The 2009-2010 school year concluded many student and Tradeport when troops have returned to or departed staff recognitions that are indicative and symbolic of the from the states. The “Kids Who Care” program at CMS, outstanding educational opportunities that are afforded in partnership with Buxton Oil Company provides fuel asto families within the SAU 16 communities. This included sistance for needy families. Five members of the EHS Nateacher and student awards, athletic and sportsmanship tional Honor Society joined Coach Jim Tufts for the annuaccomplishments, and academic achievements on many al Penguin Plunge at Hampton Beach recently. This event levels. supports NH Special Olympics. Student organizations at   Perhaps the most important success of the 11 schools EHS sponsored two blood drives for the American Red that comprise the third largest school administrative unit Cross. As one of its many projects, Stratham Memorial in New Hampshire, however, is the significant involvement School collected food for the local SPCA. of so many individuals in community service. In an eco  Space limits the full listing of the many community sernomic climate that has brought a severe burden to many vice initiatives, but it is important to stress that the confamilies, the outpouring of service projects by students sideration of others is a constant theme within each of of all ages speaks volumes about the “head, hearts, and the programs and schools of SAU 16. The idea of “giving hands” of the caring and commitment to helping others. back” to a community that is so supportive of its schools   The “Do Good Denim Project” collected over 2500 pairs is essential for the transmission of the ideals and pracof slightly used jeans and distributed them to northern tices of good citizenship—at all ages. New Hampshire schools and communities that were se  From an academic perspective, the 424 Exeter High verely impacted by the closSchool graduates in the Class ing of mills and the resulting of 2010 achieved awards and In an economic climate that has loss of hundreds of jobs. The scholarships totaling in the brought a severe burden to many Cooperative Middle School hundreds of thousands of dolfamilies, the outpouring of service “Outreach Program” and lars. College acceptances in projects by students of all ages “Builders’ Club” joined forces at least 26 states, the District speaks volumes about the “head, to amass funds and food to of Columbia, and one foreign hearts, and hands” of the caring distribute to over 100 families and commitment to helping others. country show the wide range during two different holiday of influence that SAU 16 stuperiods. From every elemendents will have beyond our lotary school to the Exeter Adult Education program and cal communities. Seventy-one percent (71%) of the class from the Seacoast School of Technology Wright Start was accepted at four-year colleges; 12% was accepted at Pre-School to the SAU Offices, money and food were coltwo-year colleges; 10 students will join the military. lected in a wide variety of ways to stock the shelves of   In addition to the EHS graduation, it is important to local food pantries. In the fall, the fifth graders and teachrecognize the accomplishments of the students in the ers at Swasey Central School in Brentwood collected 38 Great Bay eLearning Charter School, the Exeter Adult boxes of food that were donated to the Pilgrim Church in Education program, and the Seacoast School of Technoltheir community. ogy. Each of these provides amazing opportunities for   Some fourth graders at East Kingston Elementary students of all ages because they are focused on meetSchool sent personal letters, cards and hundreds of ing the learning styles and interests of students from a pounds of candy to US troops overseas this year. Some wide geographical area. Having hosted three high school of the students have also served as greeters at the Pease graduations beginning with the Class of 2008, GBeCS 04 •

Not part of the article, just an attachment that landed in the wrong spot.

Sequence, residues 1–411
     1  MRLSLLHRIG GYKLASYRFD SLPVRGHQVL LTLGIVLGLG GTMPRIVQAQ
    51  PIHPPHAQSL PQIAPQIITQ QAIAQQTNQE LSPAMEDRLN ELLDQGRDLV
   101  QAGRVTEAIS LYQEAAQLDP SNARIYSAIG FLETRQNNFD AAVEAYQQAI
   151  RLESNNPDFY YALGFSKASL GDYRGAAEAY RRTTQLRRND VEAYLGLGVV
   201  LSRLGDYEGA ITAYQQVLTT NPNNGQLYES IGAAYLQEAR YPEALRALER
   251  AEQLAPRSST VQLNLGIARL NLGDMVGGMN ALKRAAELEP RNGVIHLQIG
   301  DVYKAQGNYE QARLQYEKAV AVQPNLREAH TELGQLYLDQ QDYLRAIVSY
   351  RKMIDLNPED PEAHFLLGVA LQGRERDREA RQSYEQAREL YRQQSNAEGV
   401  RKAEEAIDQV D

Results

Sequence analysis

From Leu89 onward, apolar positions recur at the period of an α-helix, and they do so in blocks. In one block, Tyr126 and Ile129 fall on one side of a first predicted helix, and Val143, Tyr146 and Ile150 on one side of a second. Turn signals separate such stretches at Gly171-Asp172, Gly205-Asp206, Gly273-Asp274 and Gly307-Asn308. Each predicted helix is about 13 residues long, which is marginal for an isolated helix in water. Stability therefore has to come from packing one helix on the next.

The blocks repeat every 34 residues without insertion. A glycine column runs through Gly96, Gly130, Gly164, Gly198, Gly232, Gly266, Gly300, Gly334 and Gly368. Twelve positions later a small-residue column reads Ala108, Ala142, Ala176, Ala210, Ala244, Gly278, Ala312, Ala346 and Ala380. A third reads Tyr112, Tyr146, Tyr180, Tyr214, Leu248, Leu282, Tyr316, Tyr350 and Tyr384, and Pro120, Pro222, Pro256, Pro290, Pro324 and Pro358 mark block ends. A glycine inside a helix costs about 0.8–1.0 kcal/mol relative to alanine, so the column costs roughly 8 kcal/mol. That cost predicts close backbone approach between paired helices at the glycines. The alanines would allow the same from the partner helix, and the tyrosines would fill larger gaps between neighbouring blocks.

SAU 16 ANNUAL REPORT